It happens to every company sooner or later: Wall Street sets a mark for quarterly earnings, and the company misses that goal. Sometimes an earnings stumble is a signal to sell, but digging in the dirt is also a good way to find turnaround candidates while they're getting beaten down. Today, there's too much of a bad thing, not much on the big screen, and an assortment of castles in the sky.

Promises, promises
Let's start with (NASDAQ:OSTK), the online discount retailer with the flashy CEO. This time, even Patrick Byrne was disappointed by the results, as Overstock delivered net losses of $1.19 per share, far worse then the $0.82 loss Wall Street had expected. But that's not the bad news. Byrne has been willing to take losses before, as long as they come with substantial sales improvement. This one didn't.

In fact, despite increased ad spending and new marketing methods like radio and print spots designed to raise brand awareness, revenues came in at only $158.7 million, 6% below the year-ago period. And in the report, Byrne noted that early Q4 results are tracking below 2005 levels as well.

Management is now happy with survey results showing that Overstock brand awareness on the street is comparable to that of (NASDAQ:AMZN), and marketing campaigns now target conversion instead. That means converting site visits into sales, and one would assume that generous sale promotions will play a prominent part, alongside the technical improvements Byrne outlined that should point customers toward items they might actually want to buy.

On the upside, Byrne's candid disappointment and seeming disillusionment are refreshing. I sold my stake in Overstock about a year ago, as the company's leader embarked on a crusade against naked short-selling. It seemed to me at the time that Byrne had lost track of what really matters in business -- producing results -- in favor of chasing windmills that may or may not have any real impact on his business. Good thing I sold, too -- the stock has dropped another 60% since then.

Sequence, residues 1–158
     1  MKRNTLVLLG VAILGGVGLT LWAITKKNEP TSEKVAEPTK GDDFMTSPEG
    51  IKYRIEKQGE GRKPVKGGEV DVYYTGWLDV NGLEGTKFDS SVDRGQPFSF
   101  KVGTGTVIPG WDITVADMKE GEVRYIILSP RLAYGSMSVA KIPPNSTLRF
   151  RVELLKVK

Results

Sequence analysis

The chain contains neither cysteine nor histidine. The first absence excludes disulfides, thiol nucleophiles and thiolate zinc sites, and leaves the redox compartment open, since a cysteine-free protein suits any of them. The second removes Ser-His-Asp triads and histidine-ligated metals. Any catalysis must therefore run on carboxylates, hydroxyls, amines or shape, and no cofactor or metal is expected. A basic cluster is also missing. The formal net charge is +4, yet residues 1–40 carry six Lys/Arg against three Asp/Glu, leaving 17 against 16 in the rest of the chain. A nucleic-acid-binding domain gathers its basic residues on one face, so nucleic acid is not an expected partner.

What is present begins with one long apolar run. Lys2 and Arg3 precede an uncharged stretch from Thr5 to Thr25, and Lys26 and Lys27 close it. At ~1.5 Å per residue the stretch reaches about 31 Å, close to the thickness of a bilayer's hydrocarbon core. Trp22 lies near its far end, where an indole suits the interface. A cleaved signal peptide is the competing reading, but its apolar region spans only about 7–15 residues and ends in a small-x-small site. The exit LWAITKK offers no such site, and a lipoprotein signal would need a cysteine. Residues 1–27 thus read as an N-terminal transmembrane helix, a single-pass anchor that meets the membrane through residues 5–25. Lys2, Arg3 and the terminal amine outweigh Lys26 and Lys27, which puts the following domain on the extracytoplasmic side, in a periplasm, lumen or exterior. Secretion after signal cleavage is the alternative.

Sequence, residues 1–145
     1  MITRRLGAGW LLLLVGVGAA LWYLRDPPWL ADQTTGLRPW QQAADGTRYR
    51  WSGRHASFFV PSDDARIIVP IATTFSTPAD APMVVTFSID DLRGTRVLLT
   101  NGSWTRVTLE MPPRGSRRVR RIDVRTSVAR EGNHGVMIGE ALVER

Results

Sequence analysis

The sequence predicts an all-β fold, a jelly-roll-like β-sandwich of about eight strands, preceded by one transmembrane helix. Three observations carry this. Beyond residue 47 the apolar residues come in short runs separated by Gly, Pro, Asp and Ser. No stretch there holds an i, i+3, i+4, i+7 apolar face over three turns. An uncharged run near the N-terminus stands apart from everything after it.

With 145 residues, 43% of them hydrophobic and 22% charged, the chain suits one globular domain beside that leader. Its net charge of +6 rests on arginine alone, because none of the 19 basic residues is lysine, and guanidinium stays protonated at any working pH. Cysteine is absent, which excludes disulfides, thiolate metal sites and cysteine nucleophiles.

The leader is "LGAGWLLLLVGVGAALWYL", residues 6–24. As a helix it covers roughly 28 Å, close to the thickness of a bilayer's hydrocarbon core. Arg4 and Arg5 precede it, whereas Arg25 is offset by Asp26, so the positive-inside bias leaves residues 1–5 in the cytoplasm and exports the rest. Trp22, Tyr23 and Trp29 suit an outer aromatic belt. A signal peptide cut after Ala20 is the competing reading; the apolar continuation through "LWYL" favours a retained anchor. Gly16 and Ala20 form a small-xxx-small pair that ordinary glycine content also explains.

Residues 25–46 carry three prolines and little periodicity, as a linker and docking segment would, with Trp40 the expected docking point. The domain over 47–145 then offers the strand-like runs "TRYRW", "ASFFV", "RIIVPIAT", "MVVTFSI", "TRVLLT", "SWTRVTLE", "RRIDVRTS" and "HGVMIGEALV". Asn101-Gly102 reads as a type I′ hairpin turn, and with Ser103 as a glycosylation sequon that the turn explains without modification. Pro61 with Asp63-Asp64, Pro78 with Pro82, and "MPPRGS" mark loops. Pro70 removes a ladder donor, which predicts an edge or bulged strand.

But now he's describing his technology platform as "a smoothly-running technology platform upon which to grow the business (just as growth has died)." And at the end of the release, there's this honest assessment of the situation:

"I have been unsuccessful at predicting the future for a while, but here are my thoughts on the subject [IT problem] . Who knows: taken together, these factors may (or may not) give us a boost during the holidays. Or they could be offset by unforeseen factors."

Over the past couple of years, Overstock has been run as if sales growth were a sure thing. That is changing now. It remains to be seen how well Byrne responds to the new market reality, and I'm not ready to consider hitching my wagon to this filly again until after the holidays. These are the results that matter, and another disappointing sales performance would be a solid nail in that coffin lid. Conversely, a stellar season would breathe new life into this patient. Final verdict: Wait and see.

I max, you max, we all max ...
We're moving on to larger-than-life movie theater technologist IMAX (NASDAQ:IMAX). Estimates for the quarter hovered around a $0.05 per-share profit, but IMAX didn't install a single new screen during the quarter and the two major movie adaptations turned out to be flops; the net result ended up as a $0.28 loss per share. Sales dropped 38% year-over-year to $20.7 million.

Management blamed slower-than-expected construction and permitting for the theater orders in its backlog. In an attempt to spin the slippage as a good thing, it noted that the project will eventually reach completion and contribute to a strong 2007 instead. And while the company was pleased with the five new contracts signed in this quarter for a year-to-date total of 25, when these screens will actually be installed remains questionable with IMAX's track record. However, all is not lost with this upcoming quarter, during which IMAX hopes to install as many as eight screens. And next year's film slate looks great, with both Spider-Man 3 and Harry Potter and the Order of the Phoenix getting the huge-screen treatment.

But by 2007, great results might be a mere afterthought. The company has been on the sale block since this spring, but has been unable to find buyers at the prices management had expected. In August, IMAX authorized its advisors Allen & Company and UBS to seek deals at a lower price. That didn't work out either, so the price tag has shrunk again.